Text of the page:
Is your organization using Google Docs yet?
Writing grants, preparing presentations, sharing spreadsheets—Google Docs has become a standard tool for collaborative document development. For nonprofits, it’s one of the easiest and most efficient ways to manage both internal projects and those with outside clients or partners. It can save time spent on meetings and making sense of multiple drafts and comments, and it can foster collaborative thinking and creativity.
The old way to share documents was to send them as email attachments. The documents “lived” on your computer. Every time you sent one, you were really sending a copy, not the original version. If you sent a draft of a proposal to three people for comment, there were four versions of the document. Likely the copies you sent spawned more copies, as the recipients then shared their drafts, and then created new ones to send back to you. The result—a sprawling, hard-to-keep-track-of family of related but different documents in different places.
Docs can vastly improve workflow by changing how you think about digital documents. In Docs, your documents don’t live on your computer, they live on the Internet. The software allows you to securely share any document created with people you choose, and lets people revise and contribute as needed. When you enter the e-mail addresses of those who are working on a project, they will be sent an e-mail stating that a document has been shared. You can specify whether each recipient gets read-write access or view-only access.
In Google Docs, documents can be saved to a user’s local computer in a variety of formats including Microsoft Office, HTML, and PDF. They’re saved to Google’s servers to prevent data loss, and a revision history is automatically kept. The service is supported by most major Web browsers. Documents can be tagged, classified, and archived for organizational purposes.
For those who are used to Word’s Track Changes function, Google Docs provides a similar feature. Changes and additions made by contributors are visible in real time, and you can see all the iterations separately or together. But unlike in Track Changes, all the changes are on a single copy of the document. Multiple contributors can work on a document at the same time, allowing them to avoid duplicating work and to stay on top of changes and additions. This way, groups avoid wasting time managing drafts—reviewing, changing, sending back, and comparing countless versions of the same file.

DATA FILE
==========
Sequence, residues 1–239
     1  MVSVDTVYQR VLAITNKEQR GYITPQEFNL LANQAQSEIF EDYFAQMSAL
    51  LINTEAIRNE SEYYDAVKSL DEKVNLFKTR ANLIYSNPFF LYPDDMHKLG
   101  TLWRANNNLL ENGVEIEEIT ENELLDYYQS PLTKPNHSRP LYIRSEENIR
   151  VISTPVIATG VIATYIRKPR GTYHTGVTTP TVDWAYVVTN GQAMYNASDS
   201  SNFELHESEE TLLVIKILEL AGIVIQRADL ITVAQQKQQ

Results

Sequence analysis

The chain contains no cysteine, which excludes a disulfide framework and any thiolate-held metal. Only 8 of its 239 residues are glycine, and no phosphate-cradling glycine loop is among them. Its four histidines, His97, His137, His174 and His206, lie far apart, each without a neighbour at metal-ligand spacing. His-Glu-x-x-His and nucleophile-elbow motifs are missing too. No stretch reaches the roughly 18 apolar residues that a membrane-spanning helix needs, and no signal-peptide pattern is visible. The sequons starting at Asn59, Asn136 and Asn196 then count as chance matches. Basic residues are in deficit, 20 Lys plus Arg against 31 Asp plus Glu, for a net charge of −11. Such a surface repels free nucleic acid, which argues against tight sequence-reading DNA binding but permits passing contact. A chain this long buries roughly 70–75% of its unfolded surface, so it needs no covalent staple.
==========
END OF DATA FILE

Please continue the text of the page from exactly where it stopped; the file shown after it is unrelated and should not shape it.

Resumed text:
Google Docs is one of many cloud computing document-sharing services, and one of the only free ones (up to 1 G, more storage is available for small fees.) If you get the Google Cloud Connect plug-in for Microsoft Office, you can automatically store and synchronize Word documents, PowerPoint presentations, and Excel spreadsheets, with the Google Doc copy automatically updating each time the Office document is saved. (This way, Microsoft Office documents can be edited offline and synchronized later when online.)
There are now thousands of free templates to use in Google Docs, including those for infographics, meeting minutes, communications plans, event feedback survey, business plans, presentation checklists, timecards, business cards, fixed rate calculators, press releases, project timelines, and travel expenses.
And one more reason to start using Google Docs? It works with most mobile apps, including Android, iPhone and iPad. Mobile users can create, view, and edit, and create Google Docs documents, spreadsheets, and presentations wherever they are—a lifesaver when you’re working under a grant deadline or other tight schedule and need quick revisions and contributions.